Cedric Townsend of the GFL South Allgäu Comets is not new to the European scene. Townsend, the quarterback for the Comets, is well traveled when it comes to playing football in Europe. “Before coming to Germany I had the experience of playing in Europe already, as I was in the Sweden the previous season, so I was already accustomed to how things were. I had heard Germany had the best quality of football in Europe, with a majority of the top teams as well. So I arrived expecting good things and I wasn't disappointed. The speed, commitment, growth, talent, and popularity, was higher than what I was accustomed to.” – Townsend.

Alongside Townsend, David Akins has been well traveled with football in Europe. Akins, now with the Franken Knights of the GFL 2, has previously played in Serbia and compared the two countries growth in the sport. “I have spent 2 seasons abroad in Serbia (Kraljevo Royal Crowns 2012, Belgrade Blue Dragons 2014). It’s hard to compare Germany with Serbia because Serbia is still a growing country with football. For example, my team the Franken Knights was in existence since 1983, so they have been around for decades. Football in Serbia has only been around since the early 2000s.”

“A plus for Serbia, in my honest opinion, is they have better athletes. Unfortunately it’s still considered a new sport in Serbia, so they are just missing the same experience and coaching expertise that the Germans possess. Overall, both countries have good football, but its really no true comparison. Germany is where you would want to play to gain exposure and overall team competition.” – Akins.

The popularity of the sport has certainly grown over the years in Germany. Football has been put in the spotlight with German born players making a difference in the NFL, and athletes coming to the country to aid in the knowledge of the game. Townsend noted the bright future the sport has in Germany, “I expect things to keep getting better. I have seen a change since I have arrived and I don't see any reason of why that won't continue. I can see the interest growing as games are streamed live, larger crowd attendances, more Germans going to America to pursue the sport, and the NFL being shown on normal TV channels now. That has helped the knowledge of the fans improve, as well as their interest.”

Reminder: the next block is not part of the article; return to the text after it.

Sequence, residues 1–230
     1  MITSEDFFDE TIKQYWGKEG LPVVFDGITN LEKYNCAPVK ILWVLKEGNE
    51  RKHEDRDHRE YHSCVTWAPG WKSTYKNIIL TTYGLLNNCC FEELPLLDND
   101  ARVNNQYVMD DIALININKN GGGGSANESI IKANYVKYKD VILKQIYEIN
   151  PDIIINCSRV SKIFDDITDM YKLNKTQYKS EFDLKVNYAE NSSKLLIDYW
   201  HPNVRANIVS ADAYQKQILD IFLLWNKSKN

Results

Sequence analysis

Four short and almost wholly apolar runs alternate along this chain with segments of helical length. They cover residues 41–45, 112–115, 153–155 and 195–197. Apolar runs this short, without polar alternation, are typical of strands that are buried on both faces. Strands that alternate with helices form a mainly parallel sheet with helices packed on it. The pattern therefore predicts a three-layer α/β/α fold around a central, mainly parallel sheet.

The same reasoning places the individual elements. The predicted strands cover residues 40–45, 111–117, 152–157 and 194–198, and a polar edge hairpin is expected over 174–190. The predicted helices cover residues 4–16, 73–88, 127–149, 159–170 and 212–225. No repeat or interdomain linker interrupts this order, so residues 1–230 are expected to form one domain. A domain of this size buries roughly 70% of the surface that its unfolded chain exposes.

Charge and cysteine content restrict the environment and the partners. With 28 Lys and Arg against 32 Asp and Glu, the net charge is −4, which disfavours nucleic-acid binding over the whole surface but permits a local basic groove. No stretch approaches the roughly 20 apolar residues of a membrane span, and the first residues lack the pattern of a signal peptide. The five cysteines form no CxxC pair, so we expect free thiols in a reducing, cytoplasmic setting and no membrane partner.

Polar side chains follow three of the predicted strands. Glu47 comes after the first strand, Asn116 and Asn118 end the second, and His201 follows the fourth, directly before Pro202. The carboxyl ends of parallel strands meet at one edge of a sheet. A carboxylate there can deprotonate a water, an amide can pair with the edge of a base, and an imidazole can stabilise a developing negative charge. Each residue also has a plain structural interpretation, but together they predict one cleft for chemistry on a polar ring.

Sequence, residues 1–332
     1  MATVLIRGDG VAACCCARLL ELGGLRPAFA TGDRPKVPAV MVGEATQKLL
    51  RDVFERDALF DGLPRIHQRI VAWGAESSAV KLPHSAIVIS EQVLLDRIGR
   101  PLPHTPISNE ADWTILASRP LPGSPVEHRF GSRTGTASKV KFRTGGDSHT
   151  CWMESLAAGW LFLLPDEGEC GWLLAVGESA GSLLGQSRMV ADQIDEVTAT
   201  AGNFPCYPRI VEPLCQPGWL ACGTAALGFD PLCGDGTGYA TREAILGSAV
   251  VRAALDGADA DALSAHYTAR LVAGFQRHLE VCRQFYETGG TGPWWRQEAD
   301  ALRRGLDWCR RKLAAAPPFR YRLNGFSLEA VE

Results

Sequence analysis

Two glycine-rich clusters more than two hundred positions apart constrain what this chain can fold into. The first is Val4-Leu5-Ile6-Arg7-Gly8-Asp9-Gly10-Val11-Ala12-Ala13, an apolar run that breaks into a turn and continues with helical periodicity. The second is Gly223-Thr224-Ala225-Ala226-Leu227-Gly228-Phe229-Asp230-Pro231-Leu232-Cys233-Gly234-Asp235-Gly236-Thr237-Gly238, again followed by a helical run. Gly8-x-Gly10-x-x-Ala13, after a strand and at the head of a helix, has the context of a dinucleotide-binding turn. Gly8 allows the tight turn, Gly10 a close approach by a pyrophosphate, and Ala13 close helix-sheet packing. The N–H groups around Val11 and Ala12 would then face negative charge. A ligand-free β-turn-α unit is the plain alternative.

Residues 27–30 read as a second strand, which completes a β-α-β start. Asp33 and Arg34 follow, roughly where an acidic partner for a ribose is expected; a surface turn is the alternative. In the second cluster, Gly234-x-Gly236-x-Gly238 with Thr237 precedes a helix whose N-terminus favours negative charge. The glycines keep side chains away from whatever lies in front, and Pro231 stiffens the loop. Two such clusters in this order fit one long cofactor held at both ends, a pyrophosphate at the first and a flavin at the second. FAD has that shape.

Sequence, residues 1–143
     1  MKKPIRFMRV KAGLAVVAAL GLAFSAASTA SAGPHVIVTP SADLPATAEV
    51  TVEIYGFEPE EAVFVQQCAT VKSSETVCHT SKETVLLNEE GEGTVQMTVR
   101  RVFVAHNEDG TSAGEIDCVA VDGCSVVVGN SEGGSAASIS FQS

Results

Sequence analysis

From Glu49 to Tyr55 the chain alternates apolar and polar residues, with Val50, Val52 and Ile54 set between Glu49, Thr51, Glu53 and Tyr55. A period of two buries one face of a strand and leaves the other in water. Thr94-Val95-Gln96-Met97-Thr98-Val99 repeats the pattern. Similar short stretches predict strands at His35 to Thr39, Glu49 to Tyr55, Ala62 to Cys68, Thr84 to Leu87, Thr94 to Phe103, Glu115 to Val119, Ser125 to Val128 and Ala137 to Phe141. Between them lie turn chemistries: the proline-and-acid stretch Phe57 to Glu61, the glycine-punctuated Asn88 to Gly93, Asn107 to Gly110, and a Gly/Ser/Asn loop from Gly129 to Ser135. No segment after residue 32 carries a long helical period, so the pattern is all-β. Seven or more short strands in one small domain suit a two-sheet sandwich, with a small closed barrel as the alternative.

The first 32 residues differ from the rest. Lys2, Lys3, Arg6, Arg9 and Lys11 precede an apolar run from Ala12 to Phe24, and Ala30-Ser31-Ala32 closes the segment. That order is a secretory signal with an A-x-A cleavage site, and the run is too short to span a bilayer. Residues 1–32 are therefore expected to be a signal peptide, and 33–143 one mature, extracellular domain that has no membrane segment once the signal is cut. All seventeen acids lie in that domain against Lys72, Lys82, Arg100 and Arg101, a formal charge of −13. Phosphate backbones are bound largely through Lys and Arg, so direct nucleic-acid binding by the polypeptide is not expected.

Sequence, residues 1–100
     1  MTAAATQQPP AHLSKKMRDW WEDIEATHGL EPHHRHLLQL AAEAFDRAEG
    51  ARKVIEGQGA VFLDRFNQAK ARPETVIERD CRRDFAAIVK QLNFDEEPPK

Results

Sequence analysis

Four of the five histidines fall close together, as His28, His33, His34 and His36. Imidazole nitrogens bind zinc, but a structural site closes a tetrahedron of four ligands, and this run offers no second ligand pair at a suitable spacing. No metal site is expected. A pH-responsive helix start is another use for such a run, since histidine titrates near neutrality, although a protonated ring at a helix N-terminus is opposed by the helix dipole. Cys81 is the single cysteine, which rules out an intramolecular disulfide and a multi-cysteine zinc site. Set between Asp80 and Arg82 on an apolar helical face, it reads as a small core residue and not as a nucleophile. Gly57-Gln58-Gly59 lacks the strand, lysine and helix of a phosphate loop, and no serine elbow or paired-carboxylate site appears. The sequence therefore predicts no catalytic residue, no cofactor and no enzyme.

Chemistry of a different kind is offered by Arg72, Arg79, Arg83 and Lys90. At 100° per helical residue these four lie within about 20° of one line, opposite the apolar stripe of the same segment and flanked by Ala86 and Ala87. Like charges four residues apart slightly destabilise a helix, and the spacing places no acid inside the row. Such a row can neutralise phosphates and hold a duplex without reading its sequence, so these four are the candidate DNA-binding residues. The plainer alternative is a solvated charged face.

Football is blossoming more and more with each passing season in Germany, and that is also due in large part to what the country provides. More than football, Germany offers tradition, history, tasteful cuisine, and a beautiful countryside, among other things. Known for it’s rich cultural history, Germany might be different than you had originally imagined the country. Each import interviewed weighed in on what they enjoy about the country of Germany…

Townsend
“I enjoy the history in Germany. Growing up in school we learned a lot of things in the past involving Germany and its cool to be able to visit or see some of the things you learned about as a kid. The traditions, like Lederhosen and Oktoberfest, are fun to experience as well as special customs different areas have.” – Townsend.

“I enjoy Germany. The people here have been kind, and welcoming. Many speak great English so it has been a smooth transition. I'm usually in the states during the winter months, so I get the best weather Berlin has to offer. The thing I like most about this city (Berlin), is the abundance of cultures that either live or visit on any given day.” – McCoy.

“When arriving to Germany, there were many different cultural differences I noticed. The language was the main thing. It was just unusual to hear people mainly speak German, especially when my whole life the main language I have heard is English. Another cultural difference I noticed is in the summer it doesn't get dark out until 10 PM, which I thought was amazing. I've noticed that living in Albershausen there is a lot of farmland with people riding tractor-trailers around the streets. Coming from Philadelphia, I thought that was very unusual, especially seeing a city type of living my whole life.” – Conroy.